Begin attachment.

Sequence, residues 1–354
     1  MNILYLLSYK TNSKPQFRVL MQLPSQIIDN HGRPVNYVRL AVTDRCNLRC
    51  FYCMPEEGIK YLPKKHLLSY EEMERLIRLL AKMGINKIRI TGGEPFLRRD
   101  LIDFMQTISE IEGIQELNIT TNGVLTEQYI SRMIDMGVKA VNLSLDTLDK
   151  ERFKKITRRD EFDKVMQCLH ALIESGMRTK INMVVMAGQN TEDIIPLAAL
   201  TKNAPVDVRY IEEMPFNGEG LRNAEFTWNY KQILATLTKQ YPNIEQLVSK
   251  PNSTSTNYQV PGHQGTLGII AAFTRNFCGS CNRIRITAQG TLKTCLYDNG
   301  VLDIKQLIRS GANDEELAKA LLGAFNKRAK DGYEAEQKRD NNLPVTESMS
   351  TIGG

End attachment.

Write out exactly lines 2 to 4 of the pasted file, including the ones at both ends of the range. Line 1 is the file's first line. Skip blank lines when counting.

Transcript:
     1  MNILYLLSYK TNSKPQFRVL MQLPSQIIDN HGRPVNYVRL AVTDRCNLRC
    51  FYCMPEEGIK YLPKKHLLSY EEMERLIRLL AKMGINKIRI TGGEPFLRRD
   101  LIDFMQTISE IEGIQELNIT TNGVLTEQYI SRMIDMGVKA VNLSLDTLDK